Wednesday, May 20, 2009

Pioneering Relationship


Venus of the Fels Cave-- click here for the full story in Speigel.

I've been thinking a lot lately about the earliest humans, and where spiritual endeavor began... And happily these thoughts were rewarded by word earlier last week that the oldest artistic representation of the human form had been found in Germany (just click by the picture). While the Venus of Willendorf, which is ever my favorite piece of art, has been dated to about 24,000 bce, this pretty lady has been dated to a few thousand years prior. (Which really says something about art's original purpose, and a bit about our early orientation about what was meaningful, don't you think?)

Prehistoric art was a favorite of mine to study in art school, and I'll always kick myself for not designing my bachelor's around the subject (I ended up focusing more on American Indian art-- I was in New Mexico, after all). Yet I've remained touched by the people who created this beauty "just a thousand grandmothers ago", as one professor put it.

Another interest I have is in discovering an American Zen tradition that is less a copycat version of Japanese culture, and more an appropriate blend of spiritual need, religious heritage and zazen. For me, this has meant a heartfelt journey into the religions of my ancestors-- if anything, to gain a greater sense of connection to our Earth (many of them were, after all, earth-oriented traditions) and a better understanding of where I'm from.

Where the two meet is about creating an authentic religious practice-- and it has led me to some fascinating places. One such place is Scotland; particularly Before Scotland: The Story of Scotland Before History. This book has been so utterly helpful in gliding me through a history that has always been more than a little difficult for me to grasp simply because it's always been done so icily.. Alistair Moffat begins it with a bit of an essay about why-bother, as "prehistory" often suggests in its air a sense of "not being quite the real thing".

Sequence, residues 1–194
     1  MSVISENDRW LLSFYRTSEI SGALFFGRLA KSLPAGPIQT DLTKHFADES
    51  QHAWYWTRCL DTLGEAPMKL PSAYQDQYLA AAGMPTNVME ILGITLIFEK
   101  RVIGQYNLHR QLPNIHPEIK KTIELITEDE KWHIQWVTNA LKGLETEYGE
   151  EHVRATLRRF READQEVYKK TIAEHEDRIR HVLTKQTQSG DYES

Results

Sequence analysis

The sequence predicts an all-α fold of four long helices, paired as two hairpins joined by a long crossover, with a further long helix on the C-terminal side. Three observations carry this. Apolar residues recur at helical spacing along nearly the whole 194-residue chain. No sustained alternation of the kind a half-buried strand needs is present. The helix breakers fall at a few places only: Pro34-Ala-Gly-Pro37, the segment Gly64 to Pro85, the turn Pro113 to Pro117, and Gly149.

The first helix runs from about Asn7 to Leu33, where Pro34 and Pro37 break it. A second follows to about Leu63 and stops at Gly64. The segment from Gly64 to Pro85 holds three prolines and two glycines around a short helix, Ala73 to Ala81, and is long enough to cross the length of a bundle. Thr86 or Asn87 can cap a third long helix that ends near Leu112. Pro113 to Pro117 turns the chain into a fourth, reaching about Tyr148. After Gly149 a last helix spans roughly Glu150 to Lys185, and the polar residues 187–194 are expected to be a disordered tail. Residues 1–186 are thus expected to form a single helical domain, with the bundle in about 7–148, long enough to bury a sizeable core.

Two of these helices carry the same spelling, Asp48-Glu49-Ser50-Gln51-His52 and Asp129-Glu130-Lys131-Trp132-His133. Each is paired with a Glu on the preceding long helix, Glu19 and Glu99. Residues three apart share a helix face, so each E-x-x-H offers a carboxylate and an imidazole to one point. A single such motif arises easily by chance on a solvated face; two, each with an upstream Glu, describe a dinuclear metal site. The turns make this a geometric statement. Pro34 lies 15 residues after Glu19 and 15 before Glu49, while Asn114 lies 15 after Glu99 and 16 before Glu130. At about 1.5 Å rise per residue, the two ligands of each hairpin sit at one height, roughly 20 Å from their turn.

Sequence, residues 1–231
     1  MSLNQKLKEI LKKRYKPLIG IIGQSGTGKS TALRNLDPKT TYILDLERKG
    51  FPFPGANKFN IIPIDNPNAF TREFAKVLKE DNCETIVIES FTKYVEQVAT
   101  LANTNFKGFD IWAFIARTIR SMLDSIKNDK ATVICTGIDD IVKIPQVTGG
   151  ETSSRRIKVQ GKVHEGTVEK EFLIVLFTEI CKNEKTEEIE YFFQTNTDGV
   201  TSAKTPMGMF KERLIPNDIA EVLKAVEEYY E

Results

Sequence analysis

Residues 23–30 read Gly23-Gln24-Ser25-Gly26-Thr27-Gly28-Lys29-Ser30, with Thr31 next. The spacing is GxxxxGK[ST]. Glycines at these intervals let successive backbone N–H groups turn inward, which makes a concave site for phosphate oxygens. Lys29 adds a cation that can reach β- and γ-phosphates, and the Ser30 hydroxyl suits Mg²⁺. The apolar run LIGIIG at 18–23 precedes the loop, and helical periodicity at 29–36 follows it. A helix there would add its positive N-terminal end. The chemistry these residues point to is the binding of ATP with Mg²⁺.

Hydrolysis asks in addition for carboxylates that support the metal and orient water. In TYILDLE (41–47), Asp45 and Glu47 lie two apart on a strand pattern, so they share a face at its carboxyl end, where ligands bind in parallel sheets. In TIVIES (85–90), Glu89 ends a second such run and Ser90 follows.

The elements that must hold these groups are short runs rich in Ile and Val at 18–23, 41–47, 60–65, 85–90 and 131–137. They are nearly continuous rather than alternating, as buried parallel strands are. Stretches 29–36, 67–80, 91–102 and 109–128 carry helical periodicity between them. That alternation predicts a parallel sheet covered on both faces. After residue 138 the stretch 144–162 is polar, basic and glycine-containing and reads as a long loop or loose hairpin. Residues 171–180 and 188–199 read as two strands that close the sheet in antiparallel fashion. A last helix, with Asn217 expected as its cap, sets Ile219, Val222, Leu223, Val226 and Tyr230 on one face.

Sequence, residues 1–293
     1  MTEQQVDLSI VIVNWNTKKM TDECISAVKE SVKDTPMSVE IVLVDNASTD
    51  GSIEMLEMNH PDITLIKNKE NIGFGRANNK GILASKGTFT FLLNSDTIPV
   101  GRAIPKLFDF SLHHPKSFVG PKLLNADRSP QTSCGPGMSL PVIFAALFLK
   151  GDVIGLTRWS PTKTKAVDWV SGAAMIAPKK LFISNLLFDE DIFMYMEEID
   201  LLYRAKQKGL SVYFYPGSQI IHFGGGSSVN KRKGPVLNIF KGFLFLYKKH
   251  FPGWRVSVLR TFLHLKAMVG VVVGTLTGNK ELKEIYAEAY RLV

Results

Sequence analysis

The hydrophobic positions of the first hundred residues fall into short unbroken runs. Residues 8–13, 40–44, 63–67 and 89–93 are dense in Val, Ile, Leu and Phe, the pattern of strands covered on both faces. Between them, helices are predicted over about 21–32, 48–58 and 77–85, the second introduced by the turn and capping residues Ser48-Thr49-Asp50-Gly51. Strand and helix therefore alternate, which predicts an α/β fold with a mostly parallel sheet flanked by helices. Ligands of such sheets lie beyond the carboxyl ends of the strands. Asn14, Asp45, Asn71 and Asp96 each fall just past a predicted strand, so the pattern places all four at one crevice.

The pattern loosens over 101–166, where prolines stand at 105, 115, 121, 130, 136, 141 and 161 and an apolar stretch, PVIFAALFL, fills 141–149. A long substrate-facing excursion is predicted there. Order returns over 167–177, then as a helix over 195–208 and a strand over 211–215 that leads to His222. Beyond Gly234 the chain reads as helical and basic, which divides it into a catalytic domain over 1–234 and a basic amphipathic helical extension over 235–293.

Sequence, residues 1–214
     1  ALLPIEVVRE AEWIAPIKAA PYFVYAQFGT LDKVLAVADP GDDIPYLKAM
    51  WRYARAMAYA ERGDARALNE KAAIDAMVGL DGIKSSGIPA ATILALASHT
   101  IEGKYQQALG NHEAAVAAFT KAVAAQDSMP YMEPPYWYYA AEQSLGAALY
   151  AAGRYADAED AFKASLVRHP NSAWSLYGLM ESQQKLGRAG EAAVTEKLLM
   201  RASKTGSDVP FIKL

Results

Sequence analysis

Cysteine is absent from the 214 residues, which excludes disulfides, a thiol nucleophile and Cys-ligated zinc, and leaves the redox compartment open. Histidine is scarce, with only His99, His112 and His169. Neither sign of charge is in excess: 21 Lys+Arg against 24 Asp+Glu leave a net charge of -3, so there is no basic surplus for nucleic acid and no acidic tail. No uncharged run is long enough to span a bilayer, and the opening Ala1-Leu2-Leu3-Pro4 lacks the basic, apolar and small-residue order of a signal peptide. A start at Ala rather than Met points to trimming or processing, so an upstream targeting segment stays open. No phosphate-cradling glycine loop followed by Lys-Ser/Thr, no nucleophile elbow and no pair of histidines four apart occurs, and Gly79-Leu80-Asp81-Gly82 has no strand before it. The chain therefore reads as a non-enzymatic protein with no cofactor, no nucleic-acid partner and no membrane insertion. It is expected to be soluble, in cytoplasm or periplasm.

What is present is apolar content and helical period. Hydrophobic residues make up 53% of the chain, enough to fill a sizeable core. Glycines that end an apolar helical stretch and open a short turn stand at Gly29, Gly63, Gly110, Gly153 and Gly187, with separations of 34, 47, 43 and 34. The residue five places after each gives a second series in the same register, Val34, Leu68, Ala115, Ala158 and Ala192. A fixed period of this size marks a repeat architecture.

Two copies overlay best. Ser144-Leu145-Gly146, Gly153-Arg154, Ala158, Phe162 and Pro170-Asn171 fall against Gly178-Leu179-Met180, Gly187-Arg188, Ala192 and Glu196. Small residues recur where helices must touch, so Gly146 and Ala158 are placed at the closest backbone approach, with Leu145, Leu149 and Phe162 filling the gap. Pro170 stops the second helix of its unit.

I recall first learning about those long-ago ancestors during my first art history course, those who painted caves somewhere in France and being stunned by their creativity and heart. And yet somehow, I never felt a true part of them, as we didn't dive very deeply into knowing them, for quickly it was off to the "real" cultures of Egypt and Greece and finally to Rome, the realest of all the real cultures.

How sad it makes me, and Alistair too it seems, that the harsh judgments of our invaders from so long ago could remain to haunt so thoroughly that we pass right over the history of our forbears in favor of the ones who could conquer and divide us. Think of how we still refer to the earliest of them, these cave people, rough and uncivilized... And yet, as Alistair points out, even as we still "despise our forbears", "these people were not aliens. They were our first parents."

7 million years ago: the first humanoid appeared. 100,000 years ago, the first homo sapiens; and by 29,000 bce, the first of these were in what we know as Britain. 16,000 bce was the height of the ice age, and by 11,000, the ice had retreated so that Scotland was ice-free. They've found an arrowhead dating to 10,800-- really, this number is so far beyond what I can really grasp, but there it is-- and the earliest hunter-fisher settlement in Britain, Howick Haven, dating 7,800 bce.

These numbers are fine, but what I find most intriguing about this book is Alistair's exploration into who they were. Pioneers, he reminds us; hunters and fishers seeking what can be found in the rich, green lands to the north, likely from the Dordogne valley of "France". He cites Bryan Skeys' research of mitochondrial DNA, the sequences that can be traced through women only. In his sampling of populations in Britain, he found 7 "origin women", clan mothers he calls them, 6 whom 40% of today's Europeans can call "mama". The seventh clan mother was from what we know now as Iraq, and she signals the introduction of a farming cultural revolution...